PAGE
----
What are the chances that the high school wrestling coach would be a Latino guy who was adopted and raised by Anglo parents?
“I pretty much figured he was adopted when his name didn’t match his face,” Coach Tony said when he introduced himself to us when we came by to pick our son up from practice. That’s when he explained that he as adopted, too, which, of course, accounted for his name not matching his face.
My adoptive mom’s heart took flight. Just out of the blue, falling on me like raindrop kisses, this little gift of providence lay in our path. My son would have a full-fledged, adult, total role model that he would see every day after school, who would be his coach and mentor, the person he would thank, after us, for setting him on a course for a fabulous life with many accolades and awards. Good God in heaven, what were the odds?
We went to the first match, in the basement of a south side school, even though we weren’t sure our son would be eligible to wrestle because of grade issues he was experiencing. This is also known as being academically ineligible, but that sounds awfully harsh for the situation. So we went, we sat on the metal folding chairs, and we watched a bunch of squirrelly freshmen wrestle. It’s a sweaty, kind of off-putting, grappling kind of sport. I didn’t naturally take to it. It felt a little much, if you know what I mean. Not knowing anything about wrestling, I had no idea if my son would be wrestling or when.
Suddenly, he’s in the ring! He’s announced as Jose Sanchez. Say what? Now he has a name that matches his face but it’s not his actual name. He goes to the mat, takes the required wrestler’s starting position, the match starts, and he jumps up and starts running round the mat as if wrestling is a game of tag to him rather than a contact sport. He does this until the other guy catches him and then they wrestle. It’s a weird little episode, made stranger by our son now having an alias.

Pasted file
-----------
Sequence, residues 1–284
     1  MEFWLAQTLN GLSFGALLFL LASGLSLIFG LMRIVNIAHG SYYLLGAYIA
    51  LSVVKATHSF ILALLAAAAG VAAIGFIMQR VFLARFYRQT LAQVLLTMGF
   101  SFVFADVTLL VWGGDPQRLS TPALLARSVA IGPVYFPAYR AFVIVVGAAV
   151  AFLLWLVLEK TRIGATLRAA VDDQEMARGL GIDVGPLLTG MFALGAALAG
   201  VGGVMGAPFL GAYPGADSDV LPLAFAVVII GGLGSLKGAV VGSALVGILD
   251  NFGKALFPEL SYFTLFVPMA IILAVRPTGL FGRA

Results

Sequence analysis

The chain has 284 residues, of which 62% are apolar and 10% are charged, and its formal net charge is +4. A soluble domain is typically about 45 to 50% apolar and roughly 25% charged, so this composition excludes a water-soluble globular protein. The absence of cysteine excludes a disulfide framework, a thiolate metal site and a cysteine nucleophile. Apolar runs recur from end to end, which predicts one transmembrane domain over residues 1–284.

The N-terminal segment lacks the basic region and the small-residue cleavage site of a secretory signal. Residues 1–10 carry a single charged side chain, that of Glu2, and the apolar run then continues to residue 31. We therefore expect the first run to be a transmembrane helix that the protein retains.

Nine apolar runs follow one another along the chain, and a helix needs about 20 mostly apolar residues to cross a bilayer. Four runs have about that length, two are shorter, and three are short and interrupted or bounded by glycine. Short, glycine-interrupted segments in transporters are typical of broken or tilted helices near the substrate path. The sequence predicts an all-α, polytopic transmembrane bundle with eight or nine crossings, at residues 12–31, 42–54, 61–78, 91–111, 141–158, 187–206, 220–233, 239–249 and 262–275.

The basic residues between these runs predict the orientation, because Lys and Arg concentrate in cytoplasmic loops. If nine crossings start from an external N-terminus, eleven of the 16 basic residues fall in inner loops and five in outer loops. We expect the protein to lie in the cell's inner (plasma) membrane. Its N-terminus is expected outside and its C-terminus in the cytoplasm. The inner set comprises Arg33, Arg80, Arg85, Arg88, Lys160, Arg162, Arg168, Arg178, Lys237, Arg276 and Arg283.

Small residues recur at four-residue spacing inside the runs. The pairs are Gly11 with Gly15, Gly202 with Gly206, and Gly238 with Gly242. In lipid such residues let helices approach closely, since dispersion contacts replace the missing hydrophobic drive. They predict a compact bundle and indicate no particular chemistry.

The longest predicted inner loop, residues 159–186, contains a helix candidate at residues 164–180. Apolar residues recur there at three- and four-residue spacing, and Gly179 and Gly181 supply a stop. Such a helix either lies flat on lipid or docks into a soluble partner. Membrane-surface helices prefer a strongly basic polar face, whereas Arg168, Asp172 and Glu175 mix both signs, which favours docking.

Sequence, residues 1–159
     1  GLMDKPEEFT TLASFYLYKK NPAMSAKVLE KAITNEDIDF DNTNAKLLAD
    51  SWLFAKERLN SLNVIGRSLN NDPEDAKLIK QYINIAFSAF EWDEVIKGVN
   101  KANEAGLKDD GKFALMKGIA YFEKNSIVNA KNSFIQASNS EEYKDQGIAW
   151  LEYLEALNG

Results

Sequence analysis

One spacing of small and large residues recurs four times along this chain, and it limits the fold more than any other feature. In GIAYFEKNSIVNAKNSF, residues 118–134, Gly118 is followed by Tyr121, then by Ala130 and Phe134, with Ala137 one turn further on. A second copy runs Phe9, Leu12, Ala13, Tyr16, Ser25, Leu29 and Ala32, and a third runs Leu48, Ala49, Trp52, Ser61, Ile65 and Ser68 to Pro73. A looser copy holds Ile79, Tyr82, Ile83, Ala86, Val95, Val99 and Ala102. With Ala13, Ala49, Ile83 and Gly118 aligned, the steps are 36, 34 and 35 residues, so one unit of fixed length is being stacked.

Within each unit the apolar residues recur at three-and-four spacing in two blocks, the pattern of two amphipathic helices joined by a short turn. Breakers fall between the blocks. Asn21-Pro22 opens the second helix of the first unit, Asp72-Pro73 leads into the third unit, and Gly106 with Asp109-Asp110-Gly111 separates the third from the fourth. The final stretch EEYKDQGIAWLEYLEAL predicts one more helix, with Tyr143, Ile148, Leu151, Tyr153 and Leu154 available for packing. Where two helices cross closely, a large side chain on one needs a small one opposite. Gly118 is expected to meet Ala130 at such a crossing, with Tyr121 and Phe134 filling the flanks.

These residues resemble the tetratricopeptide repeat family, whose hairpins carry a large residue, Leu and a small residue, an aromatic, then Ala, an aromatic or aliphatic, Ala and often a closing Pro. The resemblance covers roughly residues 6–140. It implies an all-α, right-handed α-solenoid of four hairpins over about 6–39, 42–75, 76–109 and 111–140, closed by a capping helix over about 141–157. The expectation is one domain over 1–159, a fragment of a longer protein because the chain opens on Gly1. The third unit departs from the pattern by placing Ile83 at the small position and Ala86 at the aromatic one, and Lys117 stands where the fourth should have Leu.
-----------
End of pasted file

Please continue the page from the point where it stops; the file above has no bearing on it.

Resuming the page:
“What’s with the name?” my husband asked Coach Tony after the match.
“I had to give him a fake name; he was ineligible under his own name.”
At subsequent matches, Coach Tony was known to turn his chair so his back was to the kids on the mat whenever he was exasperated with their poor performance.
“GOOD NIGHT!” he would say and then turn his back. We all got the message. Our kid/s were too disgusting to even watch. They weren’t even worth yelling at. GOOD NIGHT. It became a family joke. Coach Tony was hilarious.
“I can’t eat that. I have to make weight.” My son turning down mac and cheese was cause for calling the cancer ward. What?
“He’ll just make me do more stairs.” Running stairs with sweats and winter jackets on constituted a big part of Coach Tony’s training program.
Not eating, making weight. I can’t stand this. Kids eating is a central feature of my parenting approach. I’m not saying I’m a good cook but I am committed to food and people eating, especially kids. I’m all about oatmeal and peanut butter and other kinds of really substantial food for kids. No PopTart has ever popped from my toaster.
Now Coach Tony’s glow is dimming. Really dimming. Why did he have to go mess up my role model dream?
The season went on. We went to many matches. We sat in the stands, sometimes all day for all-conference meets, ate sloppy joes out of the big Nescos, and watched our son go from playing tag on the mat to actually wrestling. It was interesting in a slice of life that has not much relevance to anything else kind of way.
At the end of the year, my son decided to be an actor (which he may have been practicing during his short wrestling career), and we went from sweaty, over-much gyms to dark little theatres.
We remembered this while we were driving in the car today, my grown-up son and I.